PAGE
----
PROBA-VET - Application of high spatial resolution vegetation information for large scale evapotranspiration monitoring

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Context and objectives

In the water cycle, land evapotranspiration is the water vapour exchange from the surface to the atmosphere, through ground or water bodies evaporation and vegetation transpiration processes. In meteorology, climatology and water studies, it is an essential variable to determine. Estimation at large scale is still very difficult, but recent advances in remote sensing pave the way to a better monitoring at continental scale.
Remote sensing is gaining more and more interest for the land surface modelling applications and to new method to monitor evapotranspiration. In this context, an operational model, LSA-SAF ET, has been developed based on MSG/SEVIRI derived data, to provide land evapotranspiration estimates over Europe, Africa and South America at 3 to 5 km resolution (
The objective of this study is to assess the benefits and possible improvement of using biophysical parameters derived from moderate to high resolution remote sensing (e.g. PROBA-V) for the monitoring of the evapotranspiration at the kilometer scale over large areas (continental scale). More specifically, this project aims at
  1. the improvement of the LSA-SAF land evapotranspiration product over large continental areas, and also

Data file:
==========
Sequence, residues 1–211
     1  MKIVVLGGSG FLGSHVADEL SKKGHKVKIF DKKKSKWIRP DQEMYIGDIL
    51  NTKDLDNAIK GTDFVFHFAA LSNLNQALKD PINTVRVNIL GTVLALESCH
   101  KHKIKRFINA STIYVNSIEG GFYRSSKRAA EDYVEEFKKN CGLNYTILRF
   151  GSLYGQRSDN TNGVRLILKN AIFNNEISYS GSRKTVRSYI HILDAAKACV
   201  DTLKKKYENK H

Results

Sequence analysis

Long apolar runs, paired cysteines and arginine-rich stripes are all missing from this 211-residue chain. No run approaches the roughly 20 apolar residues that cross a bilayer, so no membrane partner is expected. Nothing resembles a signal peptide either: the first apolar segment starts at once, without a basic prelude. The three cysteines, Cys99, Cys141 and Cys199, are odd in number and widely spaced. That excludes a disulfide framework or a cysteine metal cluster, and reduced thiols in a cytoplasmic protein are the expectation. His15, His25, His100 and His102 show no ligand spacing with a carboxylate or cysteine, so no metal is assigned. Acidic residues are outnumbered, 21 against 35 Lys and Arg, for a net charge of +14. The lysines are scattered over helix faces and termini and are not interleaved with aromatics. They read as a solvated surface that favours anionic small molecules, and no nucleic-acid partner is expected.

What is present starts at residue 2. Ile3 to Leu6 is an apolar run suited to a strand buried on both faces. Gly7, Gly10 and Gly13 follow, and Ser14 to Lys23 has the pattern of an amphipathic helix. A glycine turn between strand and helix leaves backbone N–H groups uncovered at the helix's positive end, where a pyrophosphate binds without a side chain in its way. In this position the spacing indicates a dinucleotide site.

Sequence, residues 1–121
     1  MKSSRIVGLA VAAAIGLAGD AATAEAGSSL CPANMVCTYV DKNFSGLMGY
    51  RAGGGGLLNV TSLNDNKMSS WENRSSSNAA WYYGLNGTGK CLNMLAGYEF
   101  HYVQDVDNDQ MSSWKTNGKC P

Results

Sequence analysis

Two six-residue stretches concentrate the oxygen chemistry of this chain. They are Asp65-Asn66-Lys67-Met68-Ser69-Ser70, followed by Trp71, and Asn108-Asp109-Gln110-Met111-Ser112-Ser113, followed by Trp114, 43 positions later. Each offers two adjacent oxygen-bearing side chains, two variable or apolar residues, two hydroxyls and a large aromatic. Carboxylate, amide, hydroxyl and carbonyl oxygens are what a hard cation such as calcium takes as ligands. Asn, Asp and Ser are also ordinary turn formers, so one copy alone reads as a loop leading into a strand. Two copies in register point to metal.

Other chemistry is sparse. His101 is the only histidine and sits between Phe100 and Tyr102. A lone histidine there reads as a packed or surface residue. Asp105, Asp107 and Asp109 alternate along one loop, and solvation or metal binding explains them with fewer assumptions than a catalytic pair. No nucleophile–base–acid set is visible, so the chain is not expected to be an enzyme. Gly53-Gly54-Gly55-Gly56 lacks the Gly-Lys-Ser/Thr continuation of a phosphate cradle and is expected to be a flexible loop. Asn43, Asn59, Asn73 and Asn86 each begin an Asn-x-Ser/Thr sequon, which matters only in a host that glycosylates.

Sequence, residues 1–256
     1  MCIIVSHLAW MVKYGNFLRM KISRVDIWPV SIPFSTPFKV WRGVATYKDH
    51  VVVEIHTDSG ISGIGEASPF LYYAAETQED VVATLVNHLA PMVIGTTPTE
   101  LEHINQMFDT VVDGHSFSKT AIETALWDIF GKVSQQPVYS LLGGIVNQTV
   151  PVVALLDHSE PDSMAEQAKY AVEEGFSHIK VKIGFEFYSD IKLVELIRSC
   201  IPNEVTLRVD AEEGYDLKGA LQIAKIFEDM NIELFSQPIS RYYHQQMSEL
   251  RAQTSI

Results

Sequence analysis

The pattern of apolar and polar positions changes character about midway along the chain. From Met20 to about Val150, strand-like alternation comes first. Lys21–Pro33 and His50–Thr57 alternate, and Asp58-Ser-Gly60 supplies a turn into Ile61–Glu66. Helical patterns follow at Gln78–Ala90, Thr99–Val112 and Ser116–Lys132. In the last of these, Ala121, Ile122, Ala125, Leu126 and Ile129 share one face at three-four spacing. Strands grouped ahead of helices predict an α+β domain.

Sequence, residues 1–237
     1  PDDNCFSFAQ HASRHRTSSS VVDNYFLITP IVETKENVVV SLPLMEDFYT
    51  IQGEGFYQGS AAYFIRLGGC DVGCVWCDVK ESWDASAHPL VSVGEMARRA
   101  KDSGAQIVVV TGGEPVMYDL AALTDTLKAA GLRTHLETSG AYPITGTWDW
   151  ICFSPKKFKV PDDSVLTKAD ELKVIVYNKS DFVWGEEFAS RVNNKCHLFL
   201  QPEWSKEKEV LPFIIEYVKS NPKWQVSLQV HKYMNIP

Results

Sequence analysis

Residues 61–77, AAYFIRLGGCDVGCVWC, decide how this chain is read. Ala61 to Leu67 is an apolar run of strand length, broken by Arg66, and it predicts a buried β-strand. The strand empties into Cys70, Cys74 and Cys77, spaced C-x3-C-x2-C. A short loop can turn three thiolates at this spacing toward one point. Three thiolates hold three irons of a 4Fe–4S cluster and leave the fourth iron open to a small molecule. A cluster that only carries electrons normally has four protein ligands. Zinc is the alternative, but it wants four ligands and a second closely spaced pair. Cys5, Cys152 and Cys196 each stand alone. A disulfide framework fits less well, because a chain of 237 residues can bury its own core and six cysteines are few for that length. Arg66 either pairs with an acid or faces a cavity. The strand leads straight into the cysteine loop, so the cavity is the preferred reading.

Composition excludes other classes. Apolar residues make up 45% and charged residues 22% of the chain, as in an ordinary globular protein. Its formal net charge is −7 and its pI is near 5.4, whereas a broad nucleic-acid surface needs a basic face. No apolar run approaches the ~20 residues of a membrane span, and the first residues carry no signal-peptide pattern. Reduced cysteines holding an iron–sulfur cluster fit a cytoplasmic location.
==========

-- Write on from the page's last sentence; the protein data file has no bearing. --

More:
2. studying the interest of biophysical variables derived from the upcoming satellite for other land surface modelling applications.

Project outcome

Expected scientific results

We will develop a methodology for an optimised use of PROBA-V like vegetation data for ET monitoring over large areas, i.e. continents, at a few kilometers scale, and especially for the LSA-SAF ET model. Improved results should occur for regions where the landscape is very patchy, and where vegetation changes fast. We expect a full evaluation of the remote sensing possibilities regarding biophysical parameters, by comparing against a wide range of observations and models. We plan to deliver recommendations on the use of PROBA-V like derived biophysical parameters in different applications of land surface models, and especially the LSA-SAF land evapotranspiration.
We expect to contribute to the efforts in monitoring land evapotranspiration at the sub-kilometer scale over large areas, by studying new synergies between remote sensing data across different spatial scales.